Anyway, I think it’s safe to say that Lift Your Skinny Fists… is my favorite album of theirs. It’s an epic 87 minute album with four sprawling movements. Each movement has distinct parts, but it’s not really appropriate to let those parts stand on their own.

My favorite movement is the first one: “Storm”, which consists of the following parts:

  1. Lift Yr. Skinny Fists Like Antennas To Heaven
  2. Gathering Storm/II Pleut à Mourir [+Clatters Like Worry]
  3. Welcome to Arco AM/PM [LAX 5/14/00]
  4. Cancer Towers on Holy Road Hi-Way

Like many of their songs, this one includes some “field recordings”. While the field recordings are usually of some street person ranting and raving about the end of the world, the one in this song is from a gas station’s public address system.

Undoubtedly, the beef of the song is in the first two parts. In a way, I wish that they’d left the other two parts on the cutting room floor.

Like a lot of post-rock, this requires a lot of patience and persistence. There are certainly some lulls, but they’re more than made up for by the high points. It’s hard to outline all of the high points, but they usually involve a rapid tempo change, violins yielding the right-of-way to thunderous drums, some drums crashing in out of nowhere, some searing guitar bit coming in out of nowhere. There’s several bits where everything but the drums drop out. There are bits where everything drops back in. It’s a very big song, highlighted by the second part.

If you’re not patient, or if you need your songs to be less than 22 minutes, or if you need your songs to stay in the same time signature, or if you need your songs to have vocals, this won’t be for you. It might not be for you anyway, and that’s okay. I sure do love it, though. I hope you do, too.

Although there’s not a new album in the works (at least not one that I’m aware of), Godspeed will embark on a quick US tour in October. They just played the Pitchfork Music Festival, and they’ll play as part of the NYC All Tommorrow’s Parties festival in late September. After that, they’ll play a 12-city, 13-show tour in the first 14 days of October.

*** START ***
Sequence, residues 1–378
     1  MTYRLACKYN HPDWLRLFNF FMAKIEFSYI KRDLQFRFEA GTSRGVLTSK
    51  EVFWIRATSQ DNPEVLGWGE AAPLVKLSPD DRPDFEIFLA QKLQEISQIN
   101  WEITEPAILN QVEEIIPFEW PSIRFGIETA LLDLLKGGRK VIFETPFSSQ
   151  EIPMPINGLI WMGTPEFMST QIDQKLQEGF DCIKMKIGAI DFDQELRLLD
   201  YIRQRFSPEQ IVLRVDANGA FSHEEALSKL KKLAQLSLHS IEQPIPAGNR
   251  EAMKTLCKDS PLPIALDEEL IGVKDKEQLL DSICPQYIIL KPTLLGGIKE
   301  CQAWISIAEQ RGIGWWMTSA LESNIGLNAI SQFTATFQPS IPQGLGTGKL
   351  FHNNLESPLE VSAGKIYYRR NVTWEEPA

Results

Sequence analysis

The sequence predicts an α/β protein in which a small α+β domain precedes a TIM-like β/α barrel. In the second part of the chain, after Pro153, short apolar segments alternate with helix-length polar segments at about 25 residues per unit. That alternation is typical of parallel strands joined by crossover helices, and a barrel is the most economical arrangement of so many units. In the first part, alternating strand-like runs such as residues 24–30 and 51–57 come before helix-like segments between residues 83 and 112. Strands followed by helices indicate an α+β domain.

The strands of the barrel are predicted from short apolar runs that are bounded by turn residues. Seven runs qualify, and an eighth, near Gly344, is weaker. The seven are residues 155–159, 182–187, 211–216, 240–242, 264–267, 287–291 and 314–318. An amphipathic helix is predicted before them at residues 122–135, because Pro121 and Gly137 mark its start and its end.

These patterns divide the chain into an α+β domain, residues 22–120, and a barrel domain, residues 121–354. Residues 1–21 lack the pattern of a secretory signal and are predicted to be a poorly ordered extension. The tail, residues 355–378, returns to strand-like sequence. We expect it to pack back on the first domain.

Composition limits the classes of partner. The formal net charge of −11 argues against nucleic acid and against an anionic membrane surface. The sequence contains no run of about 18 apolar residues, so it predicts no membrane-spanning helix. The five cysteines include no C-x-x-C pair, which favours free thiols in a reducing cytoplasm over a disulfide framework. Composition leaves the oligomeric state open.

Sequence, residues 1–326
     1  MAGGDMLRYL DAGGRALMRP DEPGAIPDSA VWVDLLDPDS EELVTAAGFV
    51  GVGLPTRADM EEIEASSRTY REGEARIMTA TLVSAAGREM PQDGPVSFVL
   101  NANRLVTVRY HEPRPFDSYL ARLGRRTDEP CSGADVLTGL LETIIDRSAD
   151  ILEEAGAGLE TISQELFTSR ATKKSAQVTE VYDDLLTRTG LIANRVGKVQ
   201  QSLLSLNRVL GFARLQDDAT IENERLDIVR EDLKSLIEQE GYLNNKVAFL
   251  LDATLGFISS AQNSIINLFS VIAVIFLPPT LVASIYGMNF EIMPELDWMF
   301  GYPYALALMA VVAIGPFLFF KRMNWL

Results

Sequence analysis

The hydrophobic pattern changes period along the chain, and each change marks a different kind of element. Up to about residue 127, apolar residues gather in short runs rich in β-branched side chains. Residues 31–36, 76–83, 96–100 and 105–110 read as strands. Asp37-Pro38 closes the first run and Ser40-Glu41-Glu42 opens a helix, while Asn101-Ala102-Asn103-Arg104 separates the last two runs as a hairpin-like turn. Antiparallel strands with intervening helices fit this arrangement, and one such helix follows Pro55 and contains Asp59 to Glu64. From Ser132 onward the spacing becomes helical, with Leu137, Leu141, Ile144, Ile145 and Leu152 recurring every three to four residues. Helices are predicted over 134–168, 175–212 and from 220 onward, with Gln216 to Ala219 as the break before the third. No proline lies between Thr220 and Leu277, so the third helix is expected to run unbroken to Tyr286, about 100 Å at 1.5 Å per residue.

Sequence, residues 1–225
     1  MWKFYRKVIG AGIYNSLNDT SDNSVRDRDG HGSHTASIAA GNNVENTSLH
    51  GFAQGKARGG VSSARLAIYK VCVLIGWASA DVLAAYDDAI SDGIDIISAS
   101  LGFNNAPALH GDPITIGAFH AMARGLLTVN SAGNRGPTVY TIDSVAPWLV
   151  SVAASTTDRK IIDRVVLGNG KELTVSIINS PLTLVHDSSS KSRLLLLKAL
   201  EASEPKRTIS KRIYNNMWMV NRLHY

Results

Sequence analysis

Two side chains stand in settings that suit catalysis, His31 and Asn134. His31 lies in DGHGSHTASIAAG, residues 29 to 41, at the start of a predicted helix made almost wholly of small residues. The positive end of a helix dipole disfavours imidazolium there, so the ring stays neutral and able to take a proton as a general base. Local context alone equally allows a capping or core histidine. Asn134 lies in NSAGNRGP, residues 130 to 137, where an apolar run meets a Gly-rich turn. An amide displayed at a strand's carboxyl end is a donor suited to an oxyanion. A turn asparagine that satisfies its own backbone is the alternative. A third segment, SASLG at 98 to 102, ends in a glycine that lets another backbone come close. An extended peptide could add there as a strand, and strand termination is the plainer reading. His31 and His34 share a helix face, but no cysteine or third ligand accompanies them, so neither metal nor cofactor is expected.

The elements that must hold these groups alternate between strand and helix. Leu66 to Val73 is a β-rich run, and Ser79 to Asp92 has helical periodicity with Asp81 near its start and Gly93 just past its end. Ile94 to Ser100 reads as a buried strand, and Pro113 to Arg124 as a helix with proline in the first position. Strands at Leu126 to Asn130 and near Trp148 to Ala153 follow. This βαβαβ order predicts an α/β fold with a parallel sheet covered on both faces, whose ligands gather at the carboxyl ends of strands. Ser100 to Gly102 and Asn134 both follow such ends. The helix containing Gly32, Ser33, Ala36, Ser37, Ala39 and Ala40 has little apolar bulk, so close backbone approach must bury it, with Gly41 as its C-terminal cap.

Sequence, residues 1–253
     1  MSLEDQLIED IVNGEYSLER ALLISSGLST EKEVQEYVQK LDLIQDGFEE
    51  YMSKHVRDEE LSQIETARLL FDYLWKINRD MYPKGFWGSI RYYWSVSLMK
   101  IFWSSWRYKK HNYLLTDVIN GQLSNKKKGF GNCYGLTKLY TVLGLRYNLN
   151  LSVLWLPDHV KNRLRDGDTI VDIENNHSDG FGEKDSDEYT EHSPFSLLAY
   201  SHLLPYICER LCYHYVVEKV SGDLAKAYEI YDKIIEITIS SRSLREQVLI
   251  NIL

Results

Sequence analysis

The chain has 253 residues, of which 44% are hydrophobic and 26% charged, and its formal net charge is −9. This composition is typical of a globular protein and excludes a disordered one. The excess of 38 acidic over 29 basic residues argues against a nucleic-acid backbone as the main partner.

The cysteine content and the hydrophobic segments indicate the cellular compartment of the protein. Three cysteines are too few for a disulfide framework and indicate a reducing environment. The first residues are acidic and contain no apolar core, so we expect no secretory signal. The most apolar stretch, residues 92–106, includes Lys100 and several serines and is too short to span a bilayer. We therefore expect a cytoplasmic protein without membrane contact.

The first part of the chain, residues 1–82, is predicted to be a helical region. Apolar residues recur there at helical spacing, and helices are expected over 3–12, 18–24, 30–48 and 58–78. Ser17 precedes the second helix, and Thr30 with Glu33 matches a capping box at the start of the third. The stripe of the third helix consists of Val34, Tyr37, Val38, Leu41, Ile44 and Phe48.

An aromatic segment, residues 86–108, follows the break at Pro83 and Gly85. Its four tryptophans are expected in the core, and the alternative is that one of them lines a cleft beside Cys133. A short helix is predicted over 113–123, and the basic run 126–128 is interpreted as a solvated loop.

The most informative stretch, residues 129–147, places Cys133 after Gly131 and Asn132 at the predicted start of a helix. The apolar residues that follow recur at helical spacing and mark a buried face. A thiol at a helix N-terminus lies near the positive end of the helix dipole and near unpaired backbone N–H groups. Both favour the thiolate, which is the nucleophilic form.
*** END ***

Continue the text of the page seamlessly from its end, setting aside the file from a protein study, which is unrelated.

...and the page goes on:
As luck has it, they’ll be playing the Cat’s Cradle on that tour, which means that I’ll be seeing them on the day after my birthday. Thirteen years after the first time that I saw (or even laid ears on) them.

Unfortunately, the Constellation Records web store only carries the 2xLP format of this album. You can buy CD copies (much to the anti-Capitalist label’s chagrin) from Amazon, or you can get a digital download from your favorite legal downloading place. Trust me, though. You want a physical copy. The packaging is really cool on all Constellation releases. Handmade cardboard sleeves. Nifty artwork, usually done by the band or by some Montréal artist. Good stuff.

If you live in or near Boston, Philly, Baltimore, Chapel Hill, Atlanta, Birmingham Alabama, New Orleans, Austin, Dallas, Nashville, Louisville, or Detroit, you need to buy a ticket to their October show. You won’t regret it. If you go to the Chapel Hill show, you can drink a beer with me.

I hope that I end up with another story worth telling. Even if there’s no crazy story, the show promises to be outstanding. I’m very much looking forward to it.

About dlee

North Carolina born and bred. I'm a restaurant guy who spends free time listening to music, watching hockey and playing Scrabble. I have a bachelor's degree in political science and I will most likely never put it to use. View all posts by dlee